swollen and exuding jelly. You need as much of this as possible through the strainer and whisk it into the egg and milk mixture. Test for a set in a saucer as one would with gelatine.
Whisk the egg white stiffly and fold or fluff it in gently; it will rise to make a fluffy top. Chill and allow to set for 3-4 hours or overnight.
Meanwhile make the chocolate soil. In a saucepan on a medium to high heat place the sugar and water, give it a stir but try not get any water crystals on the side. The sugar will melt and start to boil and bubble. You want the mixture to reach to 135C. If you don’t have a thermometer the mixture will start to turn a golden brown.
At this stage you want to work fast and pour the chocolate mix into the pot while whisking. It will dry out and turn to soil almost immediately. Magic. Cool on a nonstick baking tray. It keeps for ages.
Next mix 3 parts sorrel juice with 1 part freshly squeezed Granny Smith apple juice or to taste.
To serve pour a little sorrel and apple juice into a glass. Top with carrageen. Pop a little blob of softly whipped cream on top and sprinkle with chocolate soil. Serve.
14/5/2015 (CS) (18309) Jasper O Connor from the Fumbally Café
Throughout the seasons one can gather wild greens on a walk in the countryside – foraging soon becomes addictive. Many greens are edible and some are immensely nutritious. Arm yourself with a good well-illustrated guide and be sure to identify carefully and if in doubt – don’t risk it until you are quite confident. Don’t overdo the very bitter herbs like dandelion.
50g (2ozs/1/2 stick) butter
110g (4ozs) diced onion
150g (5 ozs) diced potatoes
250g (9ozs) chopped greens – alexanders, nettles, wild sorrel, a few young dandelions, wild garlic, borage leaves, wild rocket, ground elder, beech leaves, chickweed, watercress
600ml (1 pint/2 1/2 cups) light chicken stock
600ml (1 pint/2 1/2 cups) creamy milk
75g (3ozs) chorizo or lardons of streaky bacon
extra virgin olive oil
wild garlic flowers if available
Melt the butter in a heavy bottomed saucepan. When it foams, add potatoes and onions and turn them until well coated. Sprinkle with salt and freshly ground pepper. Cover and sweat on a gentle heat for 10 minutes. When the vegetables are almost soft but not coloured add the hot stock and boiling milk. Bring back to the boil and cook until the potatoes and onions are fully cooked. Add the greens and boil with the lid off for 2-3 minutes approx. until the greens are just cooked. Do not overcook or the soup will lose its fresh green colour. Purée the soup in a liquidiser. Taste and correct seasoning.
Heat a little oil in a frying pan. Add the diced chorizo or lardons of streaky bacon, cook over a medium heat until the fat starts to run and the bacon is crisp. Drain on kitchen paper. Sprinkle over the soup as you serve. Use the chorizo oil to drizzle over the soup also and scatter a few wild garlic flowers over the top if available.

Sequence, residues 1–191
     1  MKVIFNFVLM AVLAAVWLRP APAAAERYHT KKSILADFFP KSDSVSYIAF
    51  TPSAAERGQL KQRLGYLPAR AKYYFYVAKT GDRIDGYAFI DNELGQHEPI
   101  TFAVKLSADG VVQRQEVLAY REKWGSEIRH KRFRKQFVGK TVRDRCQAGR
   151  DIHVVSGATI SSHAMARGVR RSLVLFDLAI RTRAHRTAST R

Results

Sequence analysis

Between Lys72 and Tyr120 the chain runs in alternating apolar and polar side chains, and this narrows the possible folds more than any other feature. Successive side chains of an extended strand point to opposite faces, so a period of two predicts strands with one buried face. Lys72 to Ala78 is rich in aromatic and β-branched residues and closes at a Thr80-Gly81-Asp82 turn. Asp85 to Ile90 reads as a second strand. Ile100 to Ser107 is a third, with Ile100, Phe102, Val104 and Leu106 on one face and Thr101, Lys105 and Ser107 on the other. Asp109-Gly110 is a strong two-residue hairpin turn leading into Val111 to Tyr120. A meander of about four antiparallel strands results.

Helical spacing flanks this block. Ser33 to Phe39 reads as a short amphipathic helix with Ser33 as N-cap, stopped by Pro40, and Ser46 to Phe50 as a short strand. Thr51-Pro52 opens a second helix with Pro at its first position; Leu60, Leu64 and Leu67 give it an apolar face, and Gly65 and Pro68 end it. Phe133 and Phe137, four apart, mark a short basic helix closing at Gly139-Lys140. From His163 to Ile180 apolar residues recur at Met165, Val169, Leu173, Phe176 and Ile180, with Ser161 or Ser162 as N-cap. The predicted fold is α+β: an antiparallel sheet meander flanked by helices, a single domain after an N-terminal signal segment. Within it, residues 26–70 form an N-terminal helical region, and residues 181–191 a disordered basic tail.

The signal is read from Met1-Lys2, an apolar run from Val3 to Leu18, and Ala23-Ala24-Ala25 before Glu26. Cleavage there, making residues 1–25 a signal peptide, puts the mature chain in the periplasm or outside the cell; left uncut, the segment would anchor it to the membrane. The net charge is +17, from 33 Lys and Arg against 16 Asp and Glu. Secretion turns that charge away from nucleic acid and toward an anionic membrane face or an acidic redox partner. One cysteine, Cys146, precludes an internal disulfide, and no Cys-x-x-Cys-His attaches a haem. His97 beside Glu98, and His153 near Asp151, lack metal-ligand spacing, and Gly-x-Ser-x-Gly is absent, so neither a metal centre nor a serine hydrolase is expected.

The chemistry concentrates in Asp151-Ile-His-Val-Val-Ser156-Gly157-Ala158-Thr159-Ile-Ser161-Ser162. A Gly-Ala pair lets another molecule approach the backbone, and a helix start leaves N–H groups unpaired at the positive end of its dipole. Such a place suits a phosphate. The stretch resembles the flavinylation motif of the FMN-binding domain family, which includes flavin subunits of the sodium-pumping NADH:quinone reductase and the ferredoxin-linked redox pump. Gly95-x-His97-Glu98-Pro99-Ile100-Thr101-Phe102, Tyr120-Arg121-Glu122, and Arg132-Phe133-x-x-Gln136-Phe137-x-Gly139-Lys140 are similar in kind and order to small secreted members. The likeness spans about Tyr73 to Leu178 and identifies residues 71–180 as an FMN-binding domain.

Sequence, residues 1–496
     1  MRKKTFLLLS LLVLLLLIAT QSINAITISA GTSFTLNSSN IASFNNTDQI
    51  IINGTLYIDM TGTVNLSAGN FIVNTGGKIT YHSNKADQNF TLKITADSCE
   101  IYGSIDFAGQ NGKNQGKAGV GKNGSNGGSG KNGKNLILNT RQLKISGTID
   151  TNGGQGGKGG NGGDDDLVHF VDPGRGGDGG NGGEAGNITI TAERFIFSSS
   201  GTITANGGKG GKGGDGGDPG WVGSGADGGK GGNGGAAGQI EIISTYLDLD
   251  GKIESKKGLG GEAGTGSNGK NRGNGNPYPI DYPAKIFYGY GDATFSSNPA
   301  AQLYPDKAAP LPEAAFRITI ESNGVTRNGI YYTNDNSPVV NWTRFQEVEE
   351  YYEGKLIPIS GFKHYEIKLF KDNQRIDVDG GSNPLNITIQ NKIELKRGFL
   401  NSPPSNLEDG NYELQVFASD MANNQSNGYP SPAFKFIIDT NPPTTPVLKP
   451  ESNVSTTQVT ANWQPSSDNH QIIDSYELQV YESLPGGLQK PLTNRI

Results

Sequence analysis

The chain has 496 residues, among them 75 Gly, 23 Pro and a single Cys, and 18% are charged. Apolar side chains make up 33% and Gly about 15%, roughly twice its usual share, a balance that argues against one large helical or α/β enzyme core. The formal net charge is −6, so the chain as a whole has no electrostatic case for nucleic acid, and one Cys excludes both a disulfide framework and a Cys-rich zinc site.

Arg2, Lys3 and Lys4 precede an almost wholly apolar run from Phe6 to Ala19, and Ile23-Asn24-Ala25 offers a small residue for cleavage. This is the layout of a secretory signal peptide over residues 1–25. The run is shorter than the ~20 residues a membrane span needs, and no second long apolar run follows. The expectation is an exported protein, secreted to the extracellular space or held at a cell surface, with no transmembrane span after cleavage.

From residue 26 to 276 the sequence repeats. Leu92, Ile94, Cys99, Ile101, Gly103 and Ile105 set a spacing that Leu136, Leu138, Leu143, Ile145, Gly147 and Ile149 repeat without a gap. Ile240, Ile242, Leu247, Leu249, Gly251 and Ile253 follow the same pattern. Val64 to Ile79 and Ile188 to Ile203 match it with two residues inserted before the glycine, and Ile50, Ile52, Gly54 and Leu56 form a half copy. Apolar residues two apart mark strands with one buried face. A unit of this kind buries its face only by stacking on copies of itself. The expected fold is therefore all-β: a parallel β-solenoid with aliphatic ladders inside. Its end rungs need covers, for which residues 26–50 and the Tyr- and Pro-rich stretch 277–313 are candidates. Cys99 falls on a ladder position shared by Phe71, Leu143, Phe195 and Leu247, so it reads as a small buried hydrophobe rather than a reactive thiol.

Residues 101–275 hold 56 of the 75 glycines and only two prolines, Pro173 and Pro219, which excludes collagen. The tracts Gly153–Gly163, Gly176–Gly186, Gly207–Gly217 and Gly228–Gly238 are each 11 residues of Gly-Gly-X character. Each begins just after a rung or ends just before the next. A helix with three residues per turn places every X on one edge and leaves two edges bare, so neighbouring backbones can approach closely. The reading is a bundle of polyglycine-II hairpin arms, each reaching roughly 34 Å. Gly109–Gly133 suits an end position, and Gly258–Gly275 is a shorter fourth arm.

16/05/2013 (SH/DA) (12100)
This magical recipe transforms perfectly ordinary ingredients into a delicious sparkling drink. The children make it religiously every year and then share the bubbly with their friends.
2 heads of elderflowers
560g (11/4lb) sugar
2 tablespoons white wine vinegar
4.5L (8pints) water
Remove the peel from the lemon with a swivel top peeler. Pick the elderflowers in full bloom. Put into a bowl with the lemon peel, lemon juice, sugar, vinegar and cold water. Leave for 24 hours, then strain into strong screw top bottles. Lay them on their sides in a cool place. After 2 weeks it should be sparkling and ready to drink. Despite the sparkle this drink is non-alcoholic.
The bottles need to be strong and well sealed, otherwise the Elderflower champagne will pop its cork.
30/06/05 AF (7854)
Lydia’s Lemon Cake with Crystallised Primroses and Angelica
110g (4oz) ground almonds
110g (4oz) icing sugar
zest of 1 organic (unwaxed) lemon and juice of ½ lemon
75g (3oz) plain flour
3 organic egg yolks
125g (41⁄2 oz) butter, melted and cooled
For the Icing
175g (6oz) icing sugar
zest and 11⁄2 tablespoons freshly squeezed juice from 1 organic lemon
For the Decoration
18cm (7in) shallow-sided round tin
Preheat the oven to 180°C/350°F/ gas mark 4. Grease the tin well with melted butter and dust with a little flour.
Put the ground almonds, icing sugar, lemon zest and flour into a bowl and mix well. Make a well in the centre and add the egg yolks, the cooled melted butter and the lemon juice. Stir until the ingredients are thoroughly mixed.
Spread the cake mixture evenly in the prepared tin, make a little hollow in the centre and tap on the worktop to release any large air bubbles.
Bake in the oven for about 20 minutes. The cake should still be moist but cooked through. Allow to rest in the tin for 5–6 minutes before turning out onto a wire rack to cool.
Sieve the icing sugar into a bowl, and mix to a thickish smooth icing with the lemon juice and zest. Spread it gently over the top and sides of the cake using a palette knife dipped in boiling water and dried. Decorate with the crystallised primroses and little diamonds of angelica.
01/09/2010 (CS) Forgotten Skills Book (14201)
1.Use fairly strong textured leaves, the smaller the flowers the more attractive they are when crystallized eg. primroses, violets.
2.The castor sugar must be absolutely dry, one could dry it in a low oven for about 2 hour approx.